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3 Days in Quiberon

3 TAGE IN QUIBERON is about 3 days in the fall of 1981 when a legendary celebrity interview was conducted with actress Romy Schneider that has become part of her legacy.


3 DAYS IN QUIBERON, the laconic brevity of the title is a sign of what‘s to come. The title of Emily Atef‘s homage to the Austrian actress and icon Romy Schneider doesn‘t allow for interpretation, there‘s no pretense of giving a general statement on the actress who was ostracized by the German press after she broke from her SISSI image at the time. It‘s rather a snapshot, almost a polaroid. Three days. In Quiberon.

Three days in March 1981 on the bleak coast of Brittany in a nondescript fasting cure hotel with a cold, modernist style. Three days where the big, legendary Stern interview took place that is considered part of Schneider‘s legacy because it was conducted a year before her early death showing one of her last private signs of life and also because she showed her vulnerable side with sentences like “I‘m a unhappy woman of 42 named Romy Schneider.“

For the German audience who looked askance at the world‘s longing for Schneider, the conversation made the actress‘s melancholy more tangible which could perhaps be the starting point of a subsequent reconciliation. This melancholy which bordered on manic depression is what Emily Atef focuses on when she chose to isolate these 3 days from the wide array of Romy anecdotes. 3 DAYS IN QUIBERON is almost a chamber play: Schneider is lost in the world when its representatives arrive: old friend Hilde (Birgit Minichmayr, renamed for legal reasons), Stern reporter Jürgs (Robert Gwisdek), and photographer Robert Lebeck (Charly Hübner).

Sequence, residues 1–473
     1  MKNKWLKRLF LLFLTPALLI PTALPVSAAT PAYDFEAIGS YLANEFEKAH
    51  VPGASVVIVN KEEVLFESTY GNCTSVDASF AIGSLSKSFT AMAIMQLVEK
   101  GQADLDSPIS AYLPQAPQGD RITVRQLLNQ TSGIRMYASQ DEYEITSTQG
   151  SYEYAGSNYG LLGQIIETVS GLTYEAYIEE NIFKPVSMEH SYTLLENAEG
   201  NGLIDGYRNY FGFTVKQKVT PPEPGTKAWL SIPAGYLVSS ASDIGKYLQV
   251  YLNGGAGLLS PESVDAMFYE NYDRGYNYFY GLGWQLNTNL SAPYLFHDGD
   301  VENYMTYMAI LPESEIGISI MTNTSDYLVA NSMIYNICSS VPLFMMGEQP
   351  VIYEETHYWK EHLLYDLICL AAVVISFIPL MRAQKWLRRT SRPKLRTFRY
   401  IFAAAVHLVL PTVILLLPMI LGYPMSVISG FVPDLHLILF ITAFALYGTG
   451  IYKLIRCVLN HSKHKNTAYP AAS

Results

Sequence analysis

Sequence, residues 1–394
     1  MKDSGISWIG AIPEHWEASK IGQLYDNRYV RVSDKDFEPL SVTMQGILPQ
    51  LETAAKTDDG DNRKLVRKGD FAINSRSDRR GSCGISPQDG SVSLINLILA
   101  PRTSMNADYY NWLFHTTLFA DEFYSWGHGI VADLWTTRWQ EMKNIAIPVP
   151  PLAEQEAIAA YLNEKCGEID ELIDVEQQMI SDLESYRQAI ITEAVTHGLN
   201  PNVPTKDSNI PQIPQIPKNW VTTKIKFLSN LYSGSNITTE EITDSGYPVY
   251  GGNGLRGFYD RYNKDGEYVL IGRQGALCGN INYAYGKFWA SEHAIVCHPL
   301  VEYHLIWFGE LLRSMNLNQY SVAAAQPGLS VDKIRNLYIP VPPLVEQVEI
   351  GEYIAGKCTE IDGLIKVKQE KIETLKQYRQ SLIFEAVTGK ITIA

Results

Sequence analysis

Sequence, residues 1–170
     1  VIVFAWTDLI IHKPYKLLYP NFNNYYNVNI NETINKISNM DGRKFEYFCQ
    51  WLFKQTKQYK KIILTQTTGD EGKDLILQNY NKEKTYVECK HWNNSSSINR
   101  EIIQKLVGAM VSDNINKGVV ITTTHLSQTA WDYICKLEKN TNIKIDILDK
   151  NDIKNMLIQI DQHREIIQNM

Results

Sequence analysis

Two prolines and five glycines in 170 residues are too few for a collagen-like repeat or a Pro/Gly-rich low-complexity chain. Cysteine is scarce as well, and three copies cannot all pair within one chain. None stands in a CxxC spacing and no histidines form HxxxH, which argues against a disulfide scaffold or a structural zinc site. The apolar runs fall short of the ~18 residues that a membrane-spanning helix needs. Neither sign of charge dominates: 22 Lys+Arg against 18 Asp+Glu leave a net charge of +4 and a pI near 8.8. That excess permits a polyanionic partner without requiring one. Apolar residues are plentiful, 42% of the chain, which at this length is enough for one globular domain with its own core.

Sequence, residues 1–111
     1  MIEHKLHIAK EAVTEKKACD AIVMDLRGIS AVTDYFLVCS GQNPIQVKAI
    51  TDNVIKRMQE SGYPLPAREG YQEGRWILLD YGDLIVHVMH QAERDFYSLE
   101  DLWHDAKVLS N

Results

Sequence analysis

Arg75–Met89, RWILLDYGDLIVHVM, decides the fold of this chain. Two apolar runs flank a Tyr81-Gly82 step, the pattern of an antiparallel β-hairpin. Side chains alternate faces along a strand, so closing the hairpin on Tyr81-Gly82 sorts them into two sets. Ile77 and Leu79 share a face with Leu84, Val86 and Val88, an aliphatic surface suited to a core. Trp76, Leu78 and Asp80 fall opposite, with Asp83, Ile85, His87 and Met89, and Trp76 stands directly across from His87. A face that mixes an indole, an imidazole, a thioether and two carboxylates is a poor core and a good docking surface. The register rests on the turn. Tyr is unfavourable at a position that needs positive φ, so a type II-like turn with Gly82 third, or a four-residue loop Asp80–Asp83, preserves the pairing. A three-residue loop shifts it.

Emily Atef‘s beautiful film shows two sides of this woman: there‘s the Romy (Marie Bäumer) who is devastated and going through life with great difficulty and barely gets out of bed when Hilde comes to see her and there‘s the jubilant, laughing Romy whose depression goes away once the port bar starts serving alcohol and dances ecstatically to Deep Purple‘s “Hush“ with a homeless person (a cameo of French Bohème actor Denis Lavant) – a wonderful, magical rock ‘n roll moment.

Atef films everything very freely, far from the rigid, saccharine exaggeration where homage cinema tends to go. Instead, she chooses a grainy black and white that‘s akin to Robert Lebeck‘s journalistic photographs which are considered to be some of the most beautiful portraits of Schneider. The narrative attitude is fragile: not a lot is discussed, they are detected – especially by Jürgs, who is shown as the sleazy manipulative “bad guy“ a litte too much in the beginning but go through a development which Gwisdek‘s nuanced take lets shines.

It‘s a great actor‘s film in general and lets everyone shine in their own way – chiefly Charly Hübner who was cast slightly against type and Marie Bäumer who disappears into the role of the vulnerable diva to the point where you start feeling like Romy Schneider came down to earth to make her last film.

3 DAYS IN QUIBERON is mostly set in hotel rooms. This spatial limit gives room to what‘s important: the drama of a woman at the (unconscious) end of her career, the emotional highs and lows of a depressed person, and the deep pains of an actress. It‘s always great when Bäumer/Schneider sheds this pain, frolics around, or goes to bed with Hübner/Lebeck in a gentle, friendly way. A great 2018 homage that mostly avoids the trappings of German state-supported cinema – it‘s far from being the worst way of keeping the memory of a great artist alive.

Thomas Groh

Translation: Elinor Lewy


Original title: 3 Tage in Quiberon
Deutschland 2018, 115 min
Language: German
Genre: Biography, Drama
Director: Emily Atef
Author: Emily Atef
DOP: Thomas Kiennast
Distributor: Prokino
Cast: Marie Bäumer, Birgit Minichmayr, Charly Hübner, Robert Gwisdek, Vincent Furic
Release: 12.04.2018




  • OV Original version
  • OmU Original with German subtitles
  • OmeU Original with English subtitles

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